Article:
The simplest approach to surviving the extreme lunar temperatures is not to try to survive. Many lunar missions are designed to only operate while the lunar day is ongoing, utilize solar cells for generating power. Once the lunar night starts, these systems run out of power and become frozen. If the mission can be completed within a lunar day, this approach minimizes overall complexity and costs.

Nuclear based systems provide a good setup for large and long duration missions, however, launching a nuclear system can be politically challenging. Nuclear based systems include the use of Radioisotope Thermoelectric Generators (RTGs) and Radioisotope Heater Units (RHUs), both of which use a form of plutonium for fuel. RTGs have been used on many NASA missions to provide electrical and thermal power to large, multiyear missions. RHUs only provide thermal power, but are compact and compliment solar/battery systems. By using several RHUs and putting its systems to sleep, the Chang’e 3 lander has survived over 60 lunar nights so far.

Regolith based materials for insulation around lunar bases can provide a large temperature protection because lunar regolith is a good insulator with low thermal conductivity. Temperatures under a meter of regolith hover around -53 C, which is much warmer and more consistent than the surface temperature. This concept shows the SinterHab being constructed from a large 3D printer mounted on an ATHLETE rover. Credit: Howe et al. 2013, Figure 26.

Another interesting approach uses regolith to insulate the system. Lunar regolith is a good insulator, where temperatures under a meter of regolith hover around -53 C (-64 F). This approach allows the system to use less energy heating the system. Both human bases and rover shelters could utilize this approach.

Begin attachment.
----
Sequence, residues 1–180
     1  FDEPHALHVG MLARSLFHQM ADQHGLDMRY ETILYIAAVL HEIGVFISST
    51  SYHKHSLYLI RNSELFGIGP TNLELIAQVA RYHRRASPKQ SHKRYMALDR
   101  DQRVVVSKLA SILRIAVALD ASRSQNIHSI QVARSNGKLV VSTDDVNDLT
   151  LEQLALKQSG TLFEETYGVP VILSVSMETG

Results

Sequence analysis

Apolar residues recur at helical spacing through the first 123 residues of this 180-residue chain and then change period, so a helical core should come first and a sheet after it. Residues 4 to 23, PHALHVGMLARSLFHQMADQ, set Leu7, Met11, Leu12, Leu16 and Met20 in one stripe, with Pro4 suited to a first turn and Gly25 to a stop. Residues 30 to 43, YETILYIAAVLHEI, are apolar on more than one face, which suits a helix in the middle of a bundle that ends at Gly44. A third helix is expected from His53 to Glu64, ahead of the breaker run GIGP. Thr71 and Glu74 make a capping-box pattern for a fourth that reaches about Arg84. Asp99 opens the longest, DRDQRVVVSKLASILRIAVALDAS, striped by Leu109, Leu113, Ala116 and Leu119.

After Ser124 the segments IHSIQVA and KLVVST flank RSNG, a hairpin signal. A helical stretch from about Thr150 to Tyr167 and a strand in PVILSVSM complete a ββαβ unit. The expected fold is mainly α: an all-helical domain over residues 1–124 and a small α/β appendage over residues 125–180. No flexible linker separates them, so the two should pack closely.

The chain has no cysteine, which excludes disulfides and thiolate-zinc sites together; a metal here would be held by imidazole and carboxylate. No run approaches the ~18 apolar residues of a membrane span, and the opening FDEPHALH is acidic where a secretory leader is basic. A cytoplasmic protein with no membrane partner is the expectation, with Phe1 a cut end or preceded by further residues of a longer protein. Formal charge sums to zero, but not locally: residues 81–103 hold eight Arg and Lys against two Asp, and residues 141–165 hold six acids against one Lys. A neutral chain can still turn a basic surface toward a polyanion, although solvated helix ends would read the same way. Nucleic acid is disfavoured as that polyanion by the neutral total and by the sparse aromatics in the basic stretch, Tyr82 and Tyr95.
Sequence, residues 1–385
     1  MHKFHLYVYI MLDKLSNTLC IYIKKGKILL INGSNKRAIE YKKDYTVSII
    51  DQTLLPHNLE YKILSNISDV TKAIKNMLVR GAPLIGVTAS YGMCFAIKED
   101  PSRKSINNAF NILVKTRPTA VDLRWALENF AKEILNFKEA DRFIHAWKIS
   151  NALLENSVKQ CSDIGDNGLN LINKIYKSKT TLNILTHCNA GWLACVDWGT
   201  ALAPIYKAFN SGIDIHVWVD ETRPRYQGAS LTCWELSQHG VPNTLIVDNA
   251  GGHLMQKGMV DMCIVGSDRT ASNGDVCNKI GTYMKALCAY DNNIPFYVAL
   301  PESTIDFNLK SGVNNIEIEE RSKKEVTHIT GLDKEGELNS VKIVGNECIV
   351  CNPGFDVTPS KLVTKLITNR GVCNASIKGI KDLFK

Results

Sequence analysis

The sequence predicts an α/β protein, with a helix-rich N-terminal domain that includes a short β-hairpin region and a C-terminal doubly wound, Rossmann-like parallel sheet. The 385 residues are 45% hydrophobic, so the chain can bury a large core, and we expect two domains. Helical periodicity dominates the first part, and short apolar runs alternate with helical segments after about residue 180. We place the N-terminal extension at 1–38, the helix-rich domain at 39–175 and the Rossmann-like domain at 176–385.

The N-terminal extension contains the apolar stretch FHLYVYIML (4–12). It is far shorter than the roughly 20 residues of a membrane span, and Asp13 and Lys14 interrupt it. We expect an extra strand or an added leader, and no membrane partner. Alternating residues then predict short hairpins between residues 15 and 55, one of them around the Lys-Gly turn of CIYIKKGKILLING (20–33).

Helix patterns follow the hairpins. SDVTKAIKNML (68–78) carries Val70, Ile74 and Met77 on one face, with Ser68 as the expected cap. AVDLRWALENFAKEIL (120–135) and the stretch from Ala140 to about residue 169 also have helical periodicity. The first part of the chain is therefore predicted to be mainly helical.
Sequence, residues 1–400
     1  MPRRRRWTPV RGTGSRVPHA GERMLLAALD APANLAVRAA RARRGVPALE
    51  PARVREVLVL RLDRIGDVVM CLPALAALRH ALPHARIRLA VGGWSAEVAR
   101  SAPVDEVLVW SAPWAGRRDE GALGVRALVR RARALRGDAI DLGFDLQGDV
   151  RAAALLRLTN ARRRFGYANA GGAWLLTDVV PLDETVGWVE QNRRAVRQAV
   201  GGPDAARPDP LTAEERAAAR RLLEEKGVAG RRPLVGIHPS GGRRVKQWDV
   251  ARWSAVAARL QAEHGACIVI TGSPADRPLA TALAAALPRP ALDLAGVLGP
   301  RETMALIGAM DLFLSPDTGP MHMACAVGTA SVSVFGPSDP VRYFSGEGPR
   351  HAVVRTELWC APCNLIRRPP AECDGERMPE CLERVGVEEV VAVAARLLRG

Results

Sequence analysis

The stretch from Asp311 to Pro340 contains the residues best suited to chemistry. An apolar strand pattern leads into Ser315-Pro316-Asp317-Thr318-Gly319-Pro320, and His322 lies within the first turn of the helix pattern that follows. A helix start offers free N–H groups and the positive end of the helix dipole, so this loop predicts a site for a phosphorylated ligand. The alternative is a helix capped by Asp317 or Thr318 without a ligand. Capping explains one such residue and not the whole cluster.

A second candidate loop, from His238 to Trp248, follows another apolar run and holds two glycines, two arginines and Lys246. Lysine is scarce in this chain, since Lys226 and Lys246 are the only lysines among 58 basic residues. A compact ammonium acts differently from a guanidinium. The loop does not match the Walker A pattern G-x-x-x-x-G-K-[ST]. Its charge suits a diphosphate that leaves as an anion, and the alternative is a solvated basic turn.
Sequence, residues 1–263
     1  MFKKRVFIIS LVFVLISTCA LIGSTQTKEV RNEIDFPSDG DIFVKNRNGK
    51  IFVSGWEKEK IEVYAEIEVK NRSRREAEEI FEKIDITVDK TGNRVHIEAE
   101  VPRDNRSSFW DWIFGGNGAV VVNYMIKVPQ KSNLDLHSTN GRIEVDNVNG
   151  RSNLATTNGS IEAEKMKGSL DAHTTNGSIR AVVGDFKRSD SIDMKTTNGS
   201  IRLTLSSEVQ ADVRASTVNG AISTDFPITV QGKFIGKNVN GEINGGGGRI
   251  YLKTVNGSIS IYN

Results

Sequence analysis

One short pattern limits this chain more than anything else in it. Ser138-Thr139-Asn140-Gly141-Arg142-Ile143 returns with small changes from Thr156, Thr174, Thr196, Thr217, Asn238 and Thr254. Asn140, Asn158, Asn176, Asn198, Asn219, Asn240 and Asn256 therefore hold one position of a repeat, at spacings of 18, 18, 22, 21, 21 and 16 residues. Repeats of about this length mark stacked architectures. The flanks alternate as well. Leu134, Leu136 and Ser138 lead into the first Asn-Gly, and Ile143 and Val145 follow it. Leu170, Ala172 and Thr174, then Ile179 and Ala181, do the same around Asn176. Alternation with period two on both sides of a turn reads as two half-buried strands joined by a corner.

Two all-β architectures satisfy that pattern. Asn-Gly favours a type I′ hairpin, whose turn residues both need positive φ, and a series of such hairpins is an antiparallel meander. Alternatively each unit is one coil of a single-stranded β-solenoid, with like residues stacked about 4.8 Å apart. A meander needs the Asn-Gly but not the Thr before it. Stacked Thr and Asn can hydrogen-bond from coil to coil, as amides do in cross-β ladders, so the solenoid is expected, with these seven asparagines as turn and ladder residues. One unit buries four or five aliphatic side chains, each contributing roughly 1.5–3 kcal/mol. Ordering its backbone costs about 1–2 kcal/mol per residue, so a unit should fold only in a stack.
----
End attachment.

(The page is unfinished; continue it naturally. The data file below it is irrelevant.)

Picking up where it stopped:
Within PSRs, power beaming is a viable approach for transferring power from sunlit regions to shadowed areas. A system like this could use either heliostats, microwaves, or lasers for transferring energy down to a receiver within the shadowed PSR. This approach has many challenges, including building a power transmission system, generating enough power, and placing the transmission system on a crater rim and the receiving system in a pitch black PSR.

Surviving the extreme temperatures on the Moon is a massive challenge. With temperatures ranging from -238 C (-397 F) to 127 C (260 F), the lunar thermal environment is unforgiving. The LRO and surface missions are building our understanding of this rough environment, yet there are still many unknowns. Building missions to survive long durations on the Moon is required for establishing a permanent lunar presence. Current work shows promise of achieving these goals over the medium term.